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h1989

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PARIS
VOLUME
31,
LETTER
8
J NU RY
1989
A
FOREGN
AFFAIRS
LETTER
1989
WLL
BE
 
CRUCIAL
YE R
Ideas
that
a
few
yearsago
were
regarded
asthe
hallucinations
of
crackpots
andkooks
are
beingtaught
in
schools
in
1989
Skeptics
thought
Normn
Doddwas
a
 conspiracytheory
nut
when
he
reported
his
1953
con-
versation
wth
Rowan
Gaither,
the
President
of
Ford
Foundation
The
ideathat
Ford
Foundation
couldbeusing
its
grant-mking
power
 to
so
alter
our
life
in
the
United
Statesthat
wemay
be
comortably
mrged
wth
theSoviet
Union,
and
doing
so
under
directives
from
the
Wite
House,
was
pre-
posterous
 
Don
Martin
(12
Medford
Road,
Sudbury,
Suffolk,
England
C010-665)wrote
in
ON
T RGET
of
January
3,
1976,
 For
mny
years
this
publication
has
been
pointing
to
the
reality
that
:Ahe
Common
Market
is
planned
asthe
first
step
towards
Wrld
Gov-
ernmnt,
but
he
was
powerless
to
keep
his
country
outof
the
European
Commnity
 
On
February
12,
1977,
he
wrote
 W
have,
for
many
years,
commnted
on
the
fact
that
far
from
being
a
bulwark
against
commnism
the
Common
Marketwas
in
fact
part
of
along
term
commnist
objective
laid
down
by
Lenin
and
Trotsky
 
Only
his
small
circle
of
readers
took
him
eriously
 
s
1989
begins,there
is
little
hope
that
warnings
against
Gorbachev s
good-fellow
act
wll
be
heard
Or
warnings
that
Yasser
Arafat's
new
declarations
wll
not
bring
 
u
 
REPORTS
peace
to
the
Mddle
East,
where
there
is
no
solution
that
both
parties
wll
accept
 
These
are
immdiate
threats
as
weemark
ona
newand
critical
year
 
On
President
Reagan s
desk
is
a
paper
awaiting
his
signature
or
that
of
hissuccessor
 
Itis
a
statemnt
abrogatingthe
1982
Law
ofthe
Seas
agreemnt
and
raising
the
limt
of
the
territorial
waters
of
the
United
States
to
twenty-five
mles
Rus-
sian
submrineencroachmnts
leave
Amr-
ica
no
choice
 
It
should
havebeen
raised
long
agobut
Amrica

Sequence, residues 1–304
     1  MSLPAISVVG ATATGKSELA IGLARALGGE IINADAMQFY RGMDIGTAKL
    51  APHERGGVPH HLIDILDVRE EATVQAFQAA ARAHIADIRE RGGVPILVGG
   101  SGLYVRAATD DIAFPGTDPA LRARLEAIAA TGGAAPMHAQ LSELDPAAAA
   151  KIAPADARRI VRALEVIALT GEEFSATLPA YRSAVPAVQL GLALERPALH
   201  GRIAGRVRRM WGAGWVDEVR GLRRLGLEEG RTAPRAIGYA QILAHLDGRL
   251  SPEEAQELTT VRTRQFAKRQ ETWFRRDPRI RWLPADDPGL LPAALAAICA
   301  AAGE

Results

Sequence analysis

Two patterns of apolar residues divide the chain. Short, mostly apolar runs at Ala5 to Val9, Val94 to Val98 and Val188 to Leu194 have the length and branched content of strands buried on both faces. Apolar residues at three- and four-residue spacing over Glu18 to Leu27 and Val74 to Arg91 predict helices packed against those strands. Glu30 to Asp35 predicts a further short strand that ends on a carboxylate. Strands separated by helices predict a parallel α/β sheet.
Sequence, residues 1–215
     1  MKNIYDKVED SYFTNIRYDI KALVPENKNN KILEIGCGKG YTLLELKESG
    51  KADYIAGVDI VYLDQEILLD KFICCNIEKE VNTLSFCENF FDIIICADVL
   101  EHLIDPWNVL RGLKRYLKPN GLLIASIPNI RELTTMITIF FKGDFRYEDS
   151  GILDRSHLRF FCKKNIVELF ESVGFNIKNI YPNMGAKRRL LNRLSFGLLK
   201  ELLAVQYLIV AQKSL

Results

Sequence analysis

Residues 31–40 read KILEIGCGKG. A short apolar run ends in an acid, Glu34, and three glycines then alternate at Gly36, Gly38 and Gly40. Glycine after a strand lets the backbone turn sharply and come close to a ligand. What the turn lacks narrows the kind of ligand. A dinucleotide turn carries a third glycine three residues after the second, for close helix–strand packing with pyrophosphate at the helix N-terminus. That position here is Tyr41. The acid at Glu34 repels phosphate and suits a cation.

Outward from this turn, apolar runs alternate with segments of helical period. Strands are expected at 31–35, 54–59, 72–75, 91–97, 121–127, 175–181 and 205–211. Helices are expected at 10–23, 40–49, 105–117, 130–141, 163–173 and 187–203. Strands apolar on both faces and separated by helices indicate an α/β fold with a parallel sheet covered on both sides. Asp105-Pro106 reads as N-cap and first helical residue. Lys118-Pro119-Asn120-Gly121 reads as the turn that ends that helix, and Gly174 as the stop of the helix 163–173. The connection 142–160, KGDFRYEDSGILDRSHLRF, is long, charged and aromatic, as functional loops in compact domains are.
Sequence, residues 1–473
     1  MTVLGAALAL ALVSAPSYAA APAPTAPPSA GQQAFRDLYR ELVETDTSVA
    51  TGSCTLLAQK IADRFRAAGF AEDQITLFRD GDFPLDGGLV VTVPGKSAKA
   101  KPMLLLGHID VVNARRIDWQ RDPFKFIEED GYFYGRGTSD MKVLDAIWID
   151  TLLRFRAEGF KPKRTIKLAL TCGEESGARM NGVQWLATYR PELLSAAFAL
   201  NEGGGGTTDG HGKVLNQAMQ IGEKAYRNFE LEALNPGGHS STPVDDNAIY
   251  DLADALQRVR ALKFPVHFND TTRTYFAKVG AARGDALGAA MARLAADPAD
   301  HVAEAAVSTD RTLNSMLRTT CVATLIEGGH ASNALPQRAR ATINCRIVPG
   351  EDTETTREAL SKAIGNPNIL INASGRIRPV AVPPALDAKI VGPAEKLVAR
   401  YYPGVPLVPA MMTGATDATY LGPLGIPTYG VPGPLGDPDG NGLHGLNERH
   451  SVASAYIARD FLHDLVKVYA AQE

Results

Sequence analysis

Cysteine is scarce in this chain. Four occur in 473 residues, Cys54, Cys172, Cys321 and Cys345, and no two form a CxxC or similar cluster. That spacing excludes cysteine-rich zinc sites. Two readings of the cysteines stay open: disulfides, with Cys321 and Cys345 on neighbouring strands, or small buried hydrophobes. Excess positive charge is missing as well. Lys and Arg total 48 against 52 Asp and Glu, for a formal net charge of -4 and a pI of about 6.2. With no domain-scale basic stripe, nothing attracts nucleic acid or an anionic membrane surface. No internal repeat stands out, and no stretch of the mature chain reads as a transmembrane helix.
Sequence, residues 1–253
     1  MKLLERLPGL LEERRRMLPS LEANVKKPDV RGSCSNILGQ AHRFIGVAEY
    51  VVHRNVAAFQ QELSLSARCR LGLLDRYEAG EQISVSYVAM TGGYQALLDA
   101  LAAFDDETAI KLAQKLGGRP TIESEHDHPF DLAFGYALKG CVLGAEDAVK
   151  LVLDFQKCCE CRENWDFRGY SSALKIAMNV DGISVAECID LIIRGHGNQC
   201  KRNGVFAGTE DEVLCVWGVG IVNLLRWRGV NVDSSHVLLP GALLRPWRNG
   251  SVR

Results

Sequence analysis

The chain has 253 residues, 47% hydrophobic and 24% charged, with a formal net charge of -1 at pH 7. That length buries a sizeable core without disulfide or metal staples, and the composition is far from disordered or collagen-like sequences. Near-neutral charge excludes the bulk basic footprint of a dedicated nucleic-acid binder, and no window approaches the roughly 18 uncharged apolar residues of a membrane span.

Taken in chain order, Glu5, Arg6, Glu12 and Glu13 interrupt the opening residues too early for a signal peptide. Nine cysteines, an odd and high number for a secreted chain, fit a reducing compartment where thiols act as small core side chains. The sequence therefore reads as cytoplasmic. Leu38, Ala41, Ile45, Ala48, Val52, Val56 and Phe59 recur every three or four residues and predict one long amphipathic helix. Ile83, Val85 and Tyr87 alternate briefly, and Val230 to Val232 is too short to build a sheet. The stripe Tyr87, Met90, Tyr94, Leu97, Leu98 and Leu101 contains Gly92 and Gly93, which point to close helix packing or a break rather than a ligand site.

refrained
in
order
to
prevent
Greece
from
aising
hers
to
19
kilometres
(almost
12mles)
 
The
mnute
the
Amrican
limt
is
raised
to
25
mles
Athens
wll
raise
hers
and
claimthe
sea
and
airspace
around
Turkish
islands
off
thecoast
of
Greece
For
Turkey
this
wll
beacasus
belli
 
ME NWHLE
GORBACHEVS
CH RM
OFFENSIVE
IS
OBTAINING
 LL
ITSOB
JECTIVES
IN
THEWEST
The
mdia
were
euphoric
when
heannounced
he
would
wth-
draw
50,000
men
representing
som
6
Tank
divisions
fromEastern
Europe,
though
the
Venna
Conference
of
Security
and
Coopera-
tion
reported
that
between
1984
andDecem
ber1988
Soviet
Tank
forces
increased
from
38,000
to
51,500
against
NATOs
16,424
The
wthdrawal
of
50,000red
soldierswll
man
nothing
against
Moscows
mllion-mn
supe-
riority
Hilaire
du
 errier
Correspondent
/
20
Blvd
 
Princesse
Charlotte
Monte
Carlo
MON CO
LedaP
Rutherford,
Managing
Editor
/
P
.O
Box
786
/
St
 
George,
Utah
84770
Subscription
Rate
 
75
.00
per
yearExtra
Copies
 
1.00
 
JANUARY
1989
Through
Gorbachev s
soft
words
West
Germany's
dreamers
ofreunification
wth
their
brothers
are
already
in
the
bagThe
Bonn
Defense
Mnistry s
Emnid
Institute
poll
shows
thatonly
10
of
West
Germans
consider
Russia
their
most
important
con-
cern
 
Over
75
thinkthere
is
no
Soviet
threat
 
When
defection
from
he
West
comes,
German
students
will
think
they
are
guaran-
teeing
peaceElsewhere
drifting
popula-
tions
the
islamzation
of
Europe
and
the
radicalizationof
Islam
will
sap
at
the
under-
pinningsof
the
world
we
knew
when
sover-
eign
states
were
a
counter-balancing
force
 
The
invasion
of
Europeby
prematurely
decolonized
black
Africans
in
search
of
theprosperity
they
lost
must
also
be
faced
Italy
formerly
a
source
of
emgrants
for
the
new
world,faces
an
influxof
some
500
North
Afri-
cans
and
blacks
every
twenty-four
hours
 
A
mllion
and
a
halfare
in
undeclared
work-houses
and
the
first
Italian
labor
union
for
colored
workers
hasbeen
organized
in
Cas-
erta
 
When
it
becomes
political
there
will
be
trouble
Boats
crammed
to
the
gunwales
wthAlgerians
and
Senegalese
are
being
turned
away
by
Italian
patrols
at
sea
France s
some
five
mllion
Arab-speaking
North
Africans
and
blacks
have
taken
overblocks
of
cheap
housing
and
through
a
sys
tem
of
wndow
to
wndow
signals
putthem
selves
beyond
the
reach
of
the
police
 
What
amounts
to
extraterritoriality
has
been
es-
tablished
by
socialist-voting
aliens
increas-
ing
daily
Some
55,000
North
Africans
and
blacks
areestimated
to
have
entered
France
illegally
between
1986
and
1987
 
Wth
theirbirthrate
of
sixor
seven
children
per
woman,
against
France s
1
.7
thebastardiza-
tion
of
his
race,
whichde
Gaulle
feared,
is
on
its
way
France
is
fragile
 
So
fragile
that
171
maintenance
workers
in
the
Paris
subway
system
were
able
to
deprive
a
mllion
and
a
half
Parisians
of
transportation
and
mail
for
weeks
Two
hundred
workers
at
sensitive
points
were
enough
to
immobilizethe
nation s
transport
system
France s
most
powerful
labor
union
is
controlled
by
North
Africans
manipulated
by
the
Communist
Party
and
Iranian-directed
mullahs
in
their
mosques
page
 
2-
DURNGTHE
PARALYZINGSTRKES
OF
OCTOBER
AND
NOVEMBER
Monsieur
Francois
d Orcival,
editorof
Paris
economc
weekly,
VALEURS
ACTUELLES,
remnded
his
readers
that
on
February
24,
1985,
Jean
Baptiste
Doumeng,
the
communist
mllion-
aire
who
was
France s
Armand
Hammer,
boasted
thatthe
party s
numerical
strength
means
nothing
 Which
matters
most?
he
asked,
 to
have
18
of
the
votes
orto
control
therailways,
electricity
and
ports?
This
is
the
situation
in
the
heart